When we study the institutional and legal life of animals, what do we study? The history of twentieth-century science and policy shows us that controversies about the use of animals in research are conduits for reassessing the relationship between humans and other animals. Within arguments about animal care, welfare, husbandry practices, reductions, and bans lie new imaginings for the political, economic, and social management of animal life in our societies. When I reflect on these new imaginings, however, I am also led to consider how, as social researchers, we actually study the institutional life of animals in a practical sense. In my own research, I have explored how cell-based biotechnologies are influencing and changing our ideas of human health and wellbeing. The goal of cutting-edge biomedical research is targeted at improving human lives, but animals are often the objects of research before it reaches the clinical stage (indeed if it ever does). To study biomedicine as a social and cultural practice means to also study the institutional treatment and management of animals. In tracing out how cell biology may be transforming human health, I have encountered the institutional management of animal life in many places: from primate research centres in Europe, to committee meeting room, to the 8th floor of a tower block in a busy North American town which housed genetically altered pigs. Accessing these sites as a social scientist is not easy, and researchers have been more excited to show me a dish of reprogrammed human heart cells that beat under the microscope than the animals housed down the hall, or in a nearby facility, who will be receiving these cells in experimental procedures.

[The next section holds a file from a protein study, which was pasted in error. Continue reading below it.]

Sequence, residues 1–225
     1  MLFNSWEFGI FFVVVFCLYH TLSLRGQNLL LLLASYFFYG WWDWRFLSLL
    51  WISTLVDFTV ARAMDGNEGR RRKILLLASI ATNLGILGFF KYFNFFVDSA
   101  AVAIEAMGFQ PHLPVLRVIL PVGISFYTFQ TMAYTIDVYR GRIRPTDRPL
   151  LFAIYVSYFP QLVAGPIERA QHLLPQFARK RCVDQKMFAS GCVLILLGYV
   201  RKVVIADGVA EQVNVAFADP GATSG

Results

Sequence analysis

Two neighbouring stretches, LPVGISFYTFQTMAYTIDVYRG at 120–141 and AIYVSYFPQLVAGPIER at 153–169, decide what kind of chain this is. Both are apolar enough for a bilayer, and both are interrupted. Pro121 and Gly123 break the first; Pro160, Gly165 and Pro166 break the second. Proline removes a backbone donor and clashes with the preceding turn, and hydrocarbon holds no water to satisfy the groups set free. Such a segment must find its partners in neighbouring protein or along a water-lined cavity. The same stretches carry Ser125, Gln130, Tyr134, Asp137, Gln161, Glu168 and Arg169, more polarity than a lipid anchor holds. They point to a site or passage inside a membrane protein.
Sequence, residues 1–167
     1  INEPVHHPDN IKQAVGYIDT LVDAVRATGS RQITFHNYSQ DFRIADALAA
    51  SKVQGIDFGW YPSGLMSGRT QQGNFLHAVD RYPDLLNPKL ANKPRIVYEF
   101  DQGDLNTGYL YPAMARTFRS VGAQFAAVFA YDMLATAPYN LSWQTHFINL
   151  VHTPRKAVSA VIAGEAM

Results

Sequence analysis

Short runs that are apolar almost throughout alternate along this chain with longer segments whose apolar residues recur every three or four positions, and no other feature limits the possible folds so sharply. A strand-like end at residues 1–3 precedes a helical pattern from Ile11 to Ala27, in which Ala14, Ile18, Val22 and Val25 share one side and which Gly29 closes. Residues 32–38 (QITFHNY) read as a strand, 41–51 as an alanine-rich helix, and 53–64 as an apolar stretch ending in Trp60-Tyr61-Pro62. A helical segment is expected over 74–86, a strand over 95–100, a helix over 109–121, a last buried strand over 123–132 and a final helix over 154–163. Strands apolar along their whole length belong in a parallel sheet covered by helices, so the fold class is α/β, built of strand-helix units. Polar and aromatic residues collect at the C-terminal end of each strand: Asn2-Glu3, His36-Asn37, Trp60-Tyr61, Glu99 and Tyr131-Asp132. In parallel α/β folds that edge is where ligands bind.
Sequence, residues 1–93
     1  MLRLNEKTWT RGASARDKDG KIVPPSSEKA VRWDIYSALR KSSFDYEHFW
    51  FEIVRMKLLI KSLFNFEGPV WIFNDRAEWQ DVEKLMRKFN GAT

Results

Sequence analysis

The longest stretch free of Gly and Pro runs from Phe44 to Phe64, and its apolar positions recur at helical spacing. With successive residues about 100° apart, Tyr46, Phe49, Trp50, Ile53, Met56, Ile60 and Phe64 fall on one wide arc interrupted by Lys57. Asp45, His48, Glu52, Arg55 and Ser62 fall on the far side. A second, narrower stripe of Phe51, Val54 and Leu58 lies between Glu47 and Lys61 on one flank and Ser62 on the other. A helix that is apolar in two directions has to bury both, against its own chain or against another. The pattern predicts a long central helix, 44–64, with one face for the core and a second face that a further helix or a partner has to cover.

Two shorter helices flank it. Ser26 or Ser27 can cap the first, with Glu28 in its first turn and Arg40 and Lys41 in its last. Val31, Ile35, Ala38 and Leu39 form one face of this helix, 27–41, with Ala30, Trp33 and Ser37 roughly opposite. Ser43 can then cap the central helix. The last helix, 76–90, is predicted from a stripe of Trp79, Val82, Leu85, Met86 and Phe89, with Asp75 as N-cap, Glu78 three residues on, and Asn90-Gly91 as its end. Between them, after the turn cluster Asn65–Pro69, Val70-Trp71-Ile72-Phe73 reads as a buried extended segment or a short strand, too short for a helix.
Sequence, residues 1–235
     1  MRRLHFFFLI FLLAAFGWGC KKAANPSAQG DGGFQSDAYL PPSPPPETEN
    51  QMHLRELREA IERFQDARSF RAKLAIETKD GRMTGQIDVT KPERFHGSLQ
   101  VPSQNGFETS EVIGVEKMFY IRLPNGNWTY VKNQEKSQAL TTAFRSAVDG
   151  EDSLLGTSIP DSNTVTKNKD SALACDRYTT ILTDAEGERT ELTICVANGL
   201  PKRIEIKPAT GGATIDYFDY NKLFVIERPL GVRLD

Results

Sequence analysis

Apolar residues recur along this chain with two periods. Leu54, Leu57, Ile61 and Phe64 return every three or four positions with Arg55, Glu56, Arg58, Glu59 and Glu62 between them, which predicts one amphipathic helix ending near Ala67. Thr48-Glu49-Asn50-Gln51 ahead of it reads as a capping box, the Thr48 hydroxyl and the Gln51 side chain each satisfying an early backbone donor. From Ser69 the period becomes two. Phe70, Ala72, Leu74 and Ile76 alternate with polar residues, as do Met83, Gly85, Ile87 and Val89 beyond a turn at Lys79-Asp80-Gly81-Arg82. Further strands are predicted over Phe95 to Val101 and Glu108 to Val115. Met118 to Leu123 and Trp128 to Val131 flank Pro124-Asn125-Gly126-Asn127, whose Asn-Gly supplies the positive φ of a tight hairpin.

So what about these many different animals and institutional processes that often remain hidden from view, unable to gain traction, not only in the social studies of biomedicine, but also in public or alternative visions of our relationship with animals? As these chapters make clear, our understanding and appreciation of animals in research requires expanded attention and vision. From these chapters we learn that there is much to be discovered about the institutional life of animals. By institutional life, I mean the forms of governance that are part of the general ecosystem of activities, laws and regulations relating to the use of animals in research involving both state-led proscriptions for actions, along with forms of governance that are initiated by actors and groups beyond the state.

From the politics of horseshoe crab blood to rehoming lab animals after experiments have finished, to the tracing out of the UK’s legislative history of animal use, these chapters illuminate the lesser-known species and spaces of animal life. What can we glean from these chapters, then, about the evolution of our institutional and legal relationship with animals? The following are some lines of thought initiated by the many revelations and insights that cut across this section.

The institution’s animal